Cruz, Santa, another, of the province and alcaldia mayor of Verapaz in the same kingdom.

(Cruz, a parish of tlie province and government of Buenos Ayres ; situate on a small river running into the Plata, about five leagues n. of the town of imxan, in lat. 31° 16' 22". Long. 59* 23' SO" a'.)

(Cruz, La, a settlement of Indians of the pro3 z

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vince and government of Buenos Ayres, founded in ]629, in lat. 29° 29' 1" 5.] t])Cruz, Santa, an island oftheN. sea,^one of the Antilles, 22 leagues long and five wide. Its territory is fertile, but the air unhealthy at certain seasons, from the low situation. It has many rivers, streams, and fountains, with three very good and convenient ports. It was for a long while desert, until some English settled themselves in it, and began to cultivate it; afterwards the French possessed themselves of it, in 1650, and sold it the following year to the knights of Malta, from whom it was bought, in 1664, by the West India company. In 1674, it was incorporated with the possessions of the crown by the king of France. Its inhabitants afterwards removed to the island of St. Domingo, demolished the forts, and sold it to a company of Danes, of Copenhagen, who now possess it. It was the first of the Antilles which was occupied by the Spaniards ; is SO leagues

from the island of St. Christopher’s, eight from Puertorico, six from that of Boriquen, and five from that of St. Thomas. It abounds in sugars cane and tobacco, as also in fruits, which render it very delightful. [It is said to produce SO, 000 or 40,000 hhds. of sugar annually, and other W. India commodities, in tolerable plenty. It is in a high state of cultivation, and has about 3000 white inhabitants and 30,000 slaves. A great proportion of the Negroes of this island have embraced Christianity, under the Moravian missionaries, whose influence has been greatly promotive of its prosperity.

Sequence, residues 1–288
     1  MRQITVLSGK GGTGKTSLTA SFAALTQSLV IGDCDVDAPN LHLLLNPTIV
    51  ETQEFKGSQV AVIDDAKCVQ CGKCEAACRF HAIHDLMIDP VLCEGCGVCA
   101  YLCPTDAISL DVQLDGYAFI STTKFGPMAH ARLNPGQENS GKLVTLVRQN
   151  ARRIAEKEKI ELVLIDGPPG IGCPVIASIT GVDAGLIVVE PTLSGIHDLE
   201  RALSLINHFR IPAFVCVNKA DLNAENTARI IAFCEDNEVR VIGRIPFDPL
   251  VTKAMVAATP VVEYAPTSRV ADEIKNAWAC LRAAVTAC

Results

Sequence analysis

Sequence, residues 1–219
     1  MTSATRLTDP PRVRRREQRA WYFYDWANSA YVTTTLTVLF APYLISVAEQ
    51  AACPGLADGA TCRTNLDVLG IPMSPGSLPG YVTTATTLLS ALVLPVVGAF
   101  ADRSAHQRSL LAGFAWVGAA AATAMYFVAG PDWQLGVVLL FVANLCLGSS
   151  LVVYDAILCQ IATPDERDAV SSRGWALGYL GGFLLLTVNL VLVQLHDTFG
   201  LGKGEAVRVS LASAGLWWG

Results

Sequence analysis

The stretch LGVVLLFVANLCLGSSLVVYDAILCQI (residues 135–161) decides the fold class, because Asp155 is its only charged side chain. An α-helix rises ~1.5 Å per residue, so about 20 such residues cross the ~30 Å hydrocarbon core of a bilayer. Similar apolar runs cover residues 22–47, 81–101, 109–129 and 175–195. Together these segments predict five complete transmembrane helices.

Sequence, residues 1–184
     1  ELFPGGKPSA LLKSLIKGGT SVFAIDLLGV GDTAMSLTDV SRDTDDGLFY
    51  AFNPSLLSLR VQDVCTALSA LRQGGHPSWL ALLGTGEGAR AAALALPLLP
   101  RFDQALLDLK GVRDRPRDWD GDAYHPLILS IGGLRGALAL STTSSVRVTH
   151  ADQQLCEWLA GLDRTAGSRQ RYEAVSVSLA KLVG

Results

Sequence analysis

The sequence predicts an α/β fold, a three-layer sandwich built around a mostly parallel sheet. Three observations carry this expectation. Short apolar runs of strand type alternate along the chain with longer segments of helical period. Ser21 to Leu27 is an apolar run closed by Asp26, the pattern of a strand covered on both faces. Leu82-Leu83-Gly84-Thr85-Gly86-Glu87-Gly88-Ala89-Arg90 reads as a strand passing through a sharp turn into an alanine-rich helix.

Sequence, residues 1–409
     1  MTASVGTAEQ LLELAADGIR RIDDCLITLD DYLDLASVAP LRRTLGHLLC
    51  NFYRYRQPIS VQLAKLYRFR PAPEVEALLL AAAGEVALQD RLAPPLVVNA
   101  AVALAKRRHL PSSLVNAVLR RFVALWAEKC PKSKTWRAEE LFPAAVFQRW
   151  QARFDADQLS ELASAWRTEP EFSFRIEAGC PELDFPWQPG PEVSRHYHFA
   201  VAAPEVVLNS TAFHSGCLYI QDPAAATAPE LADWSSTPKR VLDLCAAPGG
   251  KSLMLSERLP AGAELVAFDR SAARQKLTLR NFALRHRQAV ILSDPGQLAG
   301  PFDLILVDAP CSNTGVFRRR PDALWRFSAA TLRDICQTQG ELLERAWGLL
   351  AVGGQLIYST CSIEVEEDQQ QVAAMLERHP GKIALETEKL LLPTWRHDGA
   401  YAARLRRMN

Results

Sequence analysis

The official value of the Imports and Exports of Santa Cruz were, in

1809, imports ^^435,378, exports ^ig84,964.

1810, 422,033, 89,949.

And the quantities of the principal articles im--

ported into Great Britain were, in

Coffee.

Sugar.

Rum.

Cotton Wool.

Brit. Plant.

For. Plant.

Brit. Plant.

For. Plant.

Cwt.

Cwt.

Cwt.

Cwt.

Galls.

Lbs.

1809, 297

1479

280,211

374

181,594

610,903

1810, 31

290,933

236,307

174,294

Santa Cruz is in lat. 70° 44' n. Long. 64° 43' w. See West Indies.]

Cruz, Santa, a small island in the straits ©f Magellan, opposite cape Monday. The Admiral Pedro Sarmiento took possession of it for the crown of Spain, that making the tenth time of its being captured.

Cruz, Santa, a small island of the coast of Brazil, in the province and captainship of Rey, between that coast and the island of Santa Catalina.

Cruz, Santa, a sand -bank or islet near the n. coast of the island of Cuba, and close to the sandbank of Cumplido.

Cruz, Santa, a point of the coast of the province and government of Honduras, called Triunfo de la Cruz, (Triumph of the Cross), between the port of La Sal and the river Tian, SO leagues from the gulf, in lat. 15° 40'.